Inclusive fintech is hard to get right, so Line has a different direction

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No lack fintech companies claiming to create a more inclusive, mission-driven fintech platform for low-income people. However, obstacles such as required credit history or predatory interest rates and fees limit the access of a whole group of people to our financial systems.

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Akshay Krishnayafounder and CEO Line, believes it can engage users in its vision for a more inclusive financial web. His startup is giving people emergency lines of funds—as little as $10 each—without charging interest or requiring proof of credit or income. Over time, as confidence in loan repayment grows, so does the ability of the customer to request larger checks.

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To bring the customer’s perspective to financial services, Krishnaya has raised millions of dollars in new funding for his startup. He told TechCrunch that Line has raised $7 million in equity and $18 million in debt, for a total of $25 million in a round led by Massive.

Other investors including TASC Ventures, Goodwater Capital, SustainVC, Avesta Fund, Strada Education Network, The Josephine Collective, Overtime VC, Techstars, and Kelmhurst participated in the round themselves.

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With new capital underway, Line’s biggest breakthrough, and the reason it will work through consumer confidence issues with the larger fintech world, Krishnaya believes is a prospect. The entrepreneur, a former Uber driver, had an experience he is now trying to destroy.

“Champions of people who create products? They have never been financially harmed like me or my family,” he said. “Because of this, the solutions that were created were more unworkable, non-inclusive and non-interacting islands.”

Growing up in “extreme poverty,” the entrepreneur detailed the years he couldn’t afford new shoes despite being in middle age, which is why he still suffers from arthritis. He was almost kicked out of the National Debating Championship because he couldn’t find a clean shirt and often had to choose between eating to protect his sugar levels and taking the bus to school.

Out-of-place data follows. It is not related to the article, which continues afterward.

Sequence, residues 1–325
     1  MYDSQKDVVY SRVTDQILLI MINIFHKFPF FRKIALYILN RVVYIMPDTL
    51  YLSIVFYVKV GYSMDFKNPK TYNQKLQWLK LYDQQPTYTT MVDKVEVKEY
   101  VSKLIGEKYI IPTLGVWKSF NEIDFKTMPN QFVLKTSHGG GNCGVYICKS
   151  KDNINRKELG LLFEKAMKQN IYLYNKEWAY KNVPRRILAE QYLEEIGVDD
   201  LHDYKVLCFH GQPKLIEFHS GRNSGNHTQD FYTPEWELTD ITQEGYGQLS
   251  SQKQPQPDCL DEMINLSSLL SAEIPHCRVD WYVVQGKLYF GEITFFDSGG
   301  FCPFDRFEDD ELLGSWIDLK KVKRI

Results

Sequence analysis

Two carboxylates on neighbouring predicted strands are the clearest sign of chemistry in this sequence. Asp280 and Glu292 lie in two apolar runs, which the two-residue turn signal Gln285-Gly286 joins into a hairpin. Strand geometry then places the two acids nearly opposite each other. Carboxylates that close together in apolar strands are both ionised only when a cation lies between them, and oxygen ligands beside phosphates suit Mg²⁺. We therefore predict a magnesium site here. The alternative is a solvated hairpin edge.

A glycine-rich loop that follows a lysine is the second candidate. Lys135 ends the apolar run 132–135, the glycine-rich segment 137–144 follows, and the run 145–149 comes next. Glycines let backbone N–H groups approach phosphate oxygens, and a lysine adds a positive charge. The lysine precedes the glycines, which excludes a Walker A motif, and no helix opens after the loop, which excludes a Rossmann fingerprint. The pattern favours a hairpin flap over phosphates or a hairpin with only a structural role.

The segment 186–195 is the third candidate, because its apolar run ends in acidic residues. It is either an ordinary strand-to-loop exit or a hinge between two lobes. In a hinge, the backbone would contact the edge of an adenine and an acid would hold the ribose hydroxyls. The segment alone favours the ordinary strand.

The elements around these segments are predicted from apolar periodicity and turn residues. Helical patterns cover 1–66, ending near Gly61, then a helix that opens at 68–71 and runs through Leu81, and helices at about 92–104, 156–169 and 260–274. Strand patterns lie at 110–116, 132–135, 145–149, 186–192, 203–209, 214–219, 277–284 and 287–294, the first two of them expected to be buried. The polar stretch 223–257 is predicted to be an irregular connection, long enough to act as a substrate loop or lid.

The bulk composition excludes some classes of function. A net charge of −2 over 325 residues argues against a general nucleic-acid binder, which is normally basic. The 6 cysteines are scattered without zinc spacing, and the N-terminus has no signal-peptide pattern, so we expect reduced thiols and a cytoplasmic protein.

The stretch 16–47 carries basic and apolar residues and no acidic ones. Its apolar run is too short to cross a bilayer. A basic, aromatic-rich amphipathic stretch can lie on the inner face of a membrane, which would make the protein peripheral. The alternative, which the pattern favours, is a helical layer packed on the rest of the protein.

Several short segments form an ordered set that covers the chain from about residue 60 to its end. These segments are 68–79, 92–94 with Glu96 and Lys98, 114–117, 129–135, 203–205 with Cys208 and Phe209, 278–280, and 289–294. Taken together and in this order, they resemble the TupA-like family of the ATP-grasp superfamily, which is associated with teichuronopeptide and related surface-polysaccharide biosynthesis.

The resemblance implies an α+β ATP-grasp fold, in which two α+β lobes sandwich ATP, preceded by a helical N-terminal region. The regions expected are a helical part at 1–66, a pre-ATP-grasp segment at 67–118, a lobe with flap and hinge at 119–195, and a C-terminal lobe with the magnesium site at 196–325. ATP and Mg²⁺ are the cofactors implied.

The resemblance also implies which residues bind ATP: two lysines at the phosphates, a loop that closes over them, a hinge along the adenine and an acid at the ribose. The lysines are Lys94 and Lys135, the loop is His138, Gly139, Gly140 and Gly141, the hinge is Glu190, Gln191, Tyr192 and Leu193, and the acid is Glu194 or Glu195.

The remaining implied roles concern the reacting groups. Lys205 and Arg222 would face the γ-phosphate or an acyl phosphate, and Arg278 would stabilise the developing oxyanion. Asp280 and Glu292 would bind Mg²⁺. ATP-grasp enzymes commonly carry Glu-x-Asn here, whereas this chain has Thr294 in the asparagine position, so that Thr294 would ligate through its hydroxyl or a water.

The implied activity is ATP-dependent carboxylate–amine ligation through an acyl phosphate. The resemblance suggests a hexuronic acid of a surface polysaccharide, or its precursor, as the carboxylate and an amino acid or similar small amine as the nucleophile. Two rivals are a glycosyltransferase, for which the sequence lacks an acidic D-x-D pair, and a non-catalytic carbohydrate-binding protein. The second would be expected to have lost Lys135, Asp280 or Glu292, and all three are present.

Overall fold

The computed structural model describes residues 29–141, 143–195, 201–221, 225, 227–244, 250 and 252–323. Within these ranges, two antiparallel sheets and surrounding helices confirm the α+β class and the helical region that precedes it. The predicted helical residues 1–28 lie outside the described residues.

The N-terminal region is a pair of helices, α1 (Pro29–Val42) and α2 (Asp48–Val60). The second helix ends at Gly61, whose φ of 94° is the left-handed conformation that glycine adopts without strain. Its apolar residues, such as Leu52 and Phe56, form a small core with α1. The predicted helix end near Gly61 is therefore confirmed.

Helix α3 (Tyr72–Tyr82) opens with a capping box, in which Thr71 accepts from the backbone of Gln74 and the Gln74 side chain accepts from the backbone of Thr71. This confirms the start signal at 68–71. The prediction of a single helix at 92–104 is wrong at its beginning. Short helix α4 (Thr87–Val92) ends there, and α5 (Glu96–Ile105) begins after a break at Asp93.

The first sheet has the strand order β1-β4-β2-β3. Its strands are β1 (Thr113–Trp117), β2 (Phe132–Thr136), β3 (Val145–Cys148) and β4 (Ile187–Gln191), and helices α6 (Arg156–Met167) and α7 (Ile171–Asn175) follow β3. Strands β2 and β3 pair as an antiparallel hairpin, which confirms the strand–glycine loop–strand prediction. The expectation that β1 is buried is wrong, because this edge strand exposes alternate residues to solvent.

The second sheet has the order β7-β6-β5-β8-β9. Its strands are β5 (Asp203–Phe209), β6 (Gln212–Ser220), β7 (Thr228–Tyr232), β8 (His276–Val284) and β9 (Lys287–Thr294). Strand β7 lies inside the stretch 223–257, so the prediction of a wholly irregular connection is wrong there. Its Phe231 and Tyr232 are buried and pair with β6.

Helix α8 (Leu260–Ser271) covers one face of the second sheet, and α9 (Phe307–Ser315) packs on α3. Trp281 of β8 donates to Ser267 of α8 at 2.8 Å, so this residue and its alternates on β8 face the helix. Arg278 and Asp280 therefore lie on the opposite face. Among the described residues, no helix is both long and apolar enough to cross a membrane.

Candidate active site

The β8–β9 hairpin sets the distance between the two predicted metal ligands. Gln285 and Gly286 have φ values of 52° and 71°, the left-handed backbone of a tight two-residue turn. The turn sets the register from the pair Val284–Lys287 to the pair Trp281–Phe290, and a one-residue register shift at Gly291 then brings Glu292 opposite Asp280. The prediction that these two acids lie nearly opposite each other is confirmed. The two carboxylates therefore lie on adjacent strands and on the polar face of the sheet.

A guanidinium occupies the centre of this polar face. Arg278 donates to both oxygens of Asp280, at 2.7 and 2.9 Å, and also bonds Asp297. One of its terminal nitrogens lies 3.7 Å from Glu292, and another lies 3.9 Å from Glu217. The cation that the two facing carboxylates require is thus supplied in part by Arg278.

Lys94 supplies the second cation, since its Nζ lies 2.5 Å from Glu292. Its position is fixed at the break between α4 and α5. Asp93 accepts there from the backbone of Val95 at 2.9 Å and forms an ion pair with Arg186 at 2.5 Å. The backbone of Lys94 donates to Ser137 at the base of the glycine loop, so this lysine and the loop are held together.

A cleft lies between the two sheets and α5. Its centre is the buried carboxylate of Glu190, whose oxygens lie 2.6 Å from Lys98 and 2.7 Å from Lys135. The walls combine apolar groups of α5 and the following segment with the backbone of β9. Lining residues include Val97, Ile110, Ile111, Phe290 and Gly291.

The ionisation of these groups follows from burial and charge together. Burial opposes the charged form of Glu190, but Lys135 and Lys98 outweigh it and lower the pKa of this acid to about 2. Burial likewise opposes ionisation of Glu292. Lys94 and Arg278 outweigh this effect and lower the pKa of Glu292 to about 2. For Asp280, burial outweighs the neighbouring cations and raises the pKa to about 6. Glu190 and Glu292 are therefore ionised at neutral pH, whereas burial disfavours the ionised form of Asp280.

“People building products today in Silicon Valley or anywhere else haven’t gone through this,” Krishnaya said. Investors often told him that his product, which gave small instant cash checks, could be easily replaced if someone in need simply asked a friend to give it to Venmo, he recalls. “For the same reasons, I couldn’t ask a friend to give me money so I could eat and then take the bus, it was just unreal… and people can’t resonate with that reality because they’ve never been there or done it.” “.

Line founder and CEO Akshay Krishnaya.

Public Benefit Corporation Line charges a monthly subscription fee starting at $1.97 in exchange for instant cash. After redemption, users can gradually increase checks and trust, which can be used to prove creditworthiness.

The company, which launched last July, has registered 500,000 people in more than 5,200 cities in all 50 states. The company also said registrations were up 100% from the previous month, and as rapport was built, the company expanded the service from instant cash to larger checks.

Today, about 60% of Liniya’s users are women, and the company’s internal team is 40% women; with parity as the ultimate goal.

The startup also claims to be profitable, with revenue growing 300% qoq. This is great news for Line, especially given the large number of fintech startups, but perhaps even more significant for the clients it serves. The company could not be financially viable if early adopters did not pay back their loans, establish trust, and expand their missions. While Line didn’t give details, it did say that most users return their checks within the same month and retake the same cash “line” later; revolving line of emergency funds.

“Once they replenish their line, it is completely available to them, so it has not disappeared, they will have to wait until next month,” he said.

“Instead of finding the least risky clients, we tailor our underwriting and our technology to the client’s risk profile,” he said. The algorithm that decides who gets which fund weighs things like inflation, caregiving responsibilities, and hourly work. Of course, the startup still has issues: how does it test early adopters and what happens when the startup scales and volatility is introduced into payback cycles? Today, technically anyone can use Line, but ultimately the platform needs to be more discriminating so that only those who need it most can request emergency funding?

The founder hopes Line’s growth can signal to the wider fintech industry that there’s a better way for low-income people to build. “And we don’t want to be a neobank, just to be clear,” he added.




Credit: techcrunch.com /

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